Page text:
Now that I have been driving the 320i more than usual, I have discovered a few things that need to get taken care of. First, there is an exhaust leak on the head pipe coming out of the manifold. A crack has developed and it’s leaking just enough to annoy me. I crawled under to see how bad it was. I even tried to use some muffler cement as a temporary fix. It didn’t work. I started looking for an Ansa exhaust to replace it with. Years ago I wanted to do a full Ansa system but was being too cheap and decided to pass. Now when I need to do it, I can’t find them anymore. The only Ansa exhaust is basically a stock replacement like the Bosal I have on there now. The down falls of owning a 42 year old car.
The other thing is I need to get a new stereo. The Blaupunkt cassette player that was strangely mounted under the left side of the steering column in 1986 is ready for replacement. Only 2 of the 4 speakers are working and of the two remaining, one fades in and out. Plus, the little 4×6 speakers are old and blown out so the sound quality is subpar at best. Being that I do not want to hack the uncut factory stereo location, I wanted to put a hidden stereo in it.. On eBay I found the perfect solution, a 5”x3”x1” 50 watt 4 channel mini amp that works with iPods, satellite, and MP3 players. Since I rarely listen to regular radio, this was an ideal set up. Hide the unit, run a remote mini jack to plug in your device and jam out. I just have to pick out the right speakers since they all turned to dust.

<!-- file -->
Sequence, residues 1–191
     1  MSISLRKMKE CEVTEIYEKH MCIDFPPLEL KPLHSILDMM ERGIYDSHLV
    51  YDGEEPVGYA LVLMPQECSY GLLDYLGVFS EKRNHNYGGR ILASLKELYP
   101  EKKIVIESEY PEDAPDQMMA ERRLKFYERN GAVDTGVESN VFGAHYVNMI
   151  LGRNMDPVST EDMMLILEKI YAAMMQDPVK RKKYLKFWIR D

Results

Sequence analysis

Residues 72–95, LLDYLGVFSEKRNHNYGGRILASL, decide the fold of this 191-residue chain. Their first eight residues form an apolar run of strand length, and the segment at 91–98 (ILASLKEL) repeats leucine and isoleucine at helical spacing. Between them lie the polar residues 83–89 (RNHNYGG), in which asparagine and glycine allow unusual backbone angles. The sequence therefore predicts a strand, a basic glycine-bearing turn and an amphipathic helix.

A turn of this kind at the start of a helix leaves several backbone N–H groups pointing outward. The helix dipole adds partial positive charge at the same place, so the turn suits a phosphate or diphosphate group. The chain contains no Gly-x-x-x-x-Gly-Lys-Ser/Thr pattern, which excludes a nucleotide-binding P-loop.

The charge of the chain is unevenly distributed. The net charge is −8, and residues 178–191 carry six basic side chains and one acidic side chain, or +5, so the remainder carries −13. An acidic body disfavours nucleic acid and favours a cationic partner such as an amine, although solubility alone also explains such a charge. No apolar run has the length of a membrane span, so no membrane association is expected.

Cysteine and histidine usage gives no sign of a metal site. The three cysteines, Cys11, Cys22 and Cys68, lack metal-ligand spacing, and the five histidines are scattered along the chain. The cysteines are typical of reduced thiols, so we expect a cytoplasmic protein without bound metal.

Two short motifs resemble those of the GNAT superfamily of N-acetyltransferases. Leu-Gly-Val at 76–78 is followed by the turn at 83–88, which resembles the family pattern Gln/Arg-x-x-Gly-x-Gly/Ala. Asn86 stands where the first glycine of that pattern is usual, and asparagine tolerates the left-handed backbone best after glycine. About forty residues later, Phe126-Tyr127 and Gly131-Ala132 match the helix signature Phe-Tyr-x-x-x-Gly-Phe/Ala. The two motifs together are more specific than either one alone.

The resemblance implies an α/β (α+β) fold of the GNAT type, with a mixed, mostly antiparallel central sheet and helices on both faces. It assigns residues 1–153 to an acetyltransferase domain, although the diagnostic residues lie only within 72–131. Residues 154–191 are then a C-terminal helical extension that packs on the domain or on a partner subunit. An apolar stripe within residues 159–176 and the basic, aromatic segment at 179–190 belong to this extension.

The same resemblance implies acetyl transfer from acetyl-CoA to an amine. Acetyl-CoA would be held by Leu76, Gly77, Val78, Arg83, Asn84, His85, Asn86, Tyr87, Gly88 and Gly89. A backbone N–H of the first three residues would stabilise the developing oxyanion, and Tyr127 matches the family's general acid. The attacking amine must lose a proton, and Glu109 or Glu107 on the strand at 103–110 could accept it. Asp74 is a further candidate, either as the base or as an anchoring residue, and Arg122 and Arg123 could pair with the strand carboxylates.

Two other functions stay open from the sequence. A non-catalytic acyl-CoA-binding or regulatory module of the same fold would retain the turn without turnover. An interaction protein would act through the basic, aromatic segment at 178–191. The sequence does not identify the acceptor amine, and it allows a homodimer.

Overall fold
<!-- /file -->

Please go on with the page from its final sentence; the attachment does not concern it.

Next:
None of these will be fixed by the time our Whack Your Turkey Rally happens so I will just deal with it over the winter or early spring depending on when I tuck the car away for the winter. Now, if I can only get to that E28 project I bought several years ago, I can rotate that into the daily driving duties.
So for those of you who enjoy this column every issue and were looking forward to my adventures but missed them last issue, I apologize for being so caught up in the new job, I neglected your entertainment needs. Never fear, we have gone back to our regularly scheduled editorial. Stay tuned, more BMW action after these commercial messages.